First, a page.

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5th December 2017


Australia plans to export green energy

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Australia will export green energy to Indonesia under plans to develop a six gigawatt solar and wind hybrid project.

A global consortium of energy companies has presented its plans to contribute significantly to Indonesia’s clean energy future by using subsea cables to reduce the country’s reliance on imported fossil fuels.

The project – if it gets the go-ahead- will be called Asian Renewable Energy Hub (AREH). It is another mega energy project and the hybrid power plant would spread across 14,000 square km in flat desert land on the north-west coast of Australia.

It is understood the global energy company Vestas would supply approximately 1,200 wind turbines and 10 million solar panels which would provide enough electricity to power more than 7 million households.

4,000 megawatts (MW) will be supplied by a mix of green energy, including wind and 2,000MW from solar.

The project location was chosen due to its particular geography and topography, allowing optimal performance for both wind and solar technology.

Alexander Hewitt, managing Director of CWP Energy Asia said: “Wind and solar and other green energy, working together have enormous potential to supply reliable and competitively priced renewable energy across regions.

“Given the increasing ability to move energy over long distances, the Asia Renewable Energy Hub is a compelling proposition for Indonesia – not only for supplying the energy, but for the economic benefits that come with establishing manufacturing facilities in Indonesia”.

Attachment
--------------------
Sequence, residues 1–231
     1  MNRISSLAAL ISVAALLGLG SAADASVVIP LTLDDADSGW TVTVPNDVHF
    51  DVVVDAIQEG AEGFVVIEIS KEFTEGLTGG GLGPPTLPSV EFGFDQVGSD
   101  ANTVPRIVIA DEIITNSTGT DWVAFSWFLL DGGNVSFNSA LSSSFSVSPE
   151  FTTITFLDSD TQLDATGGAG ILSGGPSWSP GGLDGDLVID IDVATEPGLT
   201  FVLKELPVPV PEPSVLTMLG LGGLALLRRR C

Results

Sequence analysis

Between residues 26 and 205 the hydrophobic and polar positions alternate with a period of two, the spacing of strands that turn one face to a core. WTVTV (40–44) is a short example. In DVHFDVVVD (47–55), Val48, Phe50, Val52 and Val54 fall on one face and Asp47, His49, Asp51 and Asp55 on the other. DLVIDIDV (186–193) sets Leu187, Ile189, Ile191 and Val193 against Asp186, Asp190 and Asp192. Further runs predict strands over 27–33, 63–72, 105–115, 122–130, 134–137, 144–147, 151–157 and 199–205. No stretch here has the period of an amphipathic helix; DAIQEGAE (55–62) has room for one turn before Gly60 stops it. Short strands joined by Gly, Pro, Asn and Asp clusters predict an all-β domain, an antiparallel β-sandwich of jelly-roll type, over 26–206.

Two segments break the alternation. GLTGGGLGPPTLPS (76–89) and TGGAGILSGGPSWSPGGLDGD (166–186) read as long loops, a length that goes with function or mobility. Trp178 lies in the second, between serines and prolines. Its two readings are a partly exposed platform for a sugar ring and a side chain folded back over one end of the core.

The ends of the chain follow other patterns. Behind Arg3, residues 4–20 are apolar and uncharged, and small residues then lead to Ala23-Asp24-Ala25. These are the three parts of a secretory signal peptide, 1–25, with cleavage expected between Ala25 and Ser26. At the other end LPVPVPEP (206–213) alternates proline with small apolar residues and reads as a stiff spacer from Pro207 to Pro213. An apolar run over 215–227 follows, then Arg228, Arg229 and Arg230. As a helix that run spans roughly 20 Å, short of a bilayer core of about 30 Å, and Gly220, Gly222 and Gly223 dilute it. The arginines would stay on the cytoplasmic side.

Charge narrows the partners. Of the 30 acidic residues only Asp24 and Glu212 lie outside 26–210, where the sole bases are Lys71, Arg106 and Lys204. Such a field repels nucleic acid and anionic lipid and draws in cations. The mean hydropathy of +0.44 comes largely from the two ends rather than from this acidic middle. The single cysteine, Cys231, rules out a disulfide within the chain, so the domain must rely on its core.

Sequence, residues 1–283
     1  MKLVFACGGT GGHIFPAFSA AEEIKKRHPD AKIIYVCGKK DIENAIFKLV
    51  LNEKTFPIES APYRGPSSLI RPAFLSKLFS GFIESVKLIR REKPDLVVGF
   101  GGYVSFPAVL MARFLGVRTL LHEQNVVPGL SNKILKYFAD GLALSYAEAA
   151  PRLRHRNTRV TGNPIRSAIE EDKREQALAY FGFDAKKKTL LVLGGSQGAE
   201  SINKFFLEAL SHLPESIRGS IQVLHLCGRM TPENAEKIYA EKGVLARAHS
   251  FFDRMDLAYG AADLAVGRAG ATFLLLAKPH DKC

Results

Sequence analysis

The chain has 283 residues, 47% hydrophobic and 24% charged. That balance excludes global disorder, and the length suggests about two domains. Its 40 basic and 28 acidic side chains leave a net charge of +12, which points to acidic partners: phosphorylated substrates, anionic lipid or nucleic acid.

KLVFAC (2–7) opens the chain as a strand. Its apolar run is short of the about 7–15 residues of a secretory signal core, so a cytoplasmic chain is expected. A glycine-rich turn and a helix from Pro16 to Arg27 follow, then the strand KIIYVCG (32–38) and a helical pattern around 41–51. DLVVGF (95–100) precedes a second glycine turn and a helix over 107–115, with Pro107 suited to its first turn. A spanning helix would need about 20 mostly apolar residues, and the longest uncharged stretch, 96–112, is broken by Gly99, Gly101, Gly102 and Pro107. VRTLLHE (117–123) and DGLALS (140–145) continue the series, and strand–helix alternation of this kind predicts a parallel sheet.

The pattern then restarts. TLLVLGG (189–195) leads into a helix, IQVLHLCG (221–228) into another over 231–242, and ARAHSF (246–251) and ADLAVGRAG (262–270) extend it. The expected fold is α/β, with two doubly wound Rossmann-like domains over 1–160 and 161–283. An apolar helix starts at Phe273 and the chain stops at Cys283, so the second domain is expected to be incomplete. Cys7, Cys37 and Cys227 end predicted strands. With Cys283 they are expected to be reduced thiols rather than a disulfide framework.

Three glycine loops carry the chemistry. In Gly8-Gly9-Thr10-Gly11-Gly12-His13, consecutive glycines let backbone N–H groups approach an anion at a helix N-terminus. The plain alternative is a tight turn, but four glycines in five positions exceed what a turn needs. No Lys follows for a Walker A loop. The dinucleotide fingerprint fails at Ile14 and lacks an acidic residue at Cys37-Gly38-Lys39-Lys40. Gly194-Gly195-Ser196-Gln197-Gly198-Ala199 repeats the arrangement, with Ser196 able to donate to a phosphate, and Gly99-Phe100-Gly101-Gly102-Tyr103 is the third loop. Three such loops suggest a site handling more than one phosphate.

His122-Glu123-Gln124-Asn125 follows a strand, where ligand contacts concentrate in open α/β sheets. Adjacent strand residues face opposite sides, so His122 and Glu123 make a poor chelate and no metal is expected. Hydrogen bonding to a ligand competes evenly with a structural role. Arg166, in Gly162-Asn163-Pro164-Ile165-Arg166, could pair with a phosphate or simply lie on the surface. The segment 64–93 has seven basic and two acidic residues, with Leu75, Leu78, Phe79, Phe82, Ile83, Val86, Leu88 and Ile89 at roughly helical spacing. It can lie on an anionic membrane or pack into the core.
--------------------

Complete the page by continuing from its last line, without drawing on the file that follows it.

The renewable electricity produced will be transferred using innovative technology. It will be exported through high voltage direct current (HVDC) technology which allows for the efficient transmission of power over long distances with the subsea cables being attached to maritime ships.

The project’s proximity to Indonesia in addition to advanced subsea cable technologies are expected to allow for cost-efficient transmission of such amounts of electricity.

Confirmed partners include Vestas, US-based InterContinental Energy, CWP Energy Asia, Italian Prysmian Group, specialising in electric power transmission and telecommunications cables, and Singapore-based Swire Pacific Offshore.

Project development started in 2014 and it is now looking for investors.

The first phase of development is expected to cost $10 billion and if everything goes well, construction will start in 2023 with completion by 2029.

Apart from the financial advantages that the project offers to Western Australia it will play a pivotal role in Indonesia’s economic development too, as the wind and solar generating equipment would be manufactured in Indonesia.

It is expected that the wind and solar generating equipment will be manufactured in Indonesia, creating a new source of skilled, high-tech jobs and the development of a local supply chain.

Clive Turton, president of Vestas Asia Pacific said: “As green energy becomes cost-competitive with fossil fuels, it becomes more and more attractive both as a source of electricity and as a source of jobs and investment”.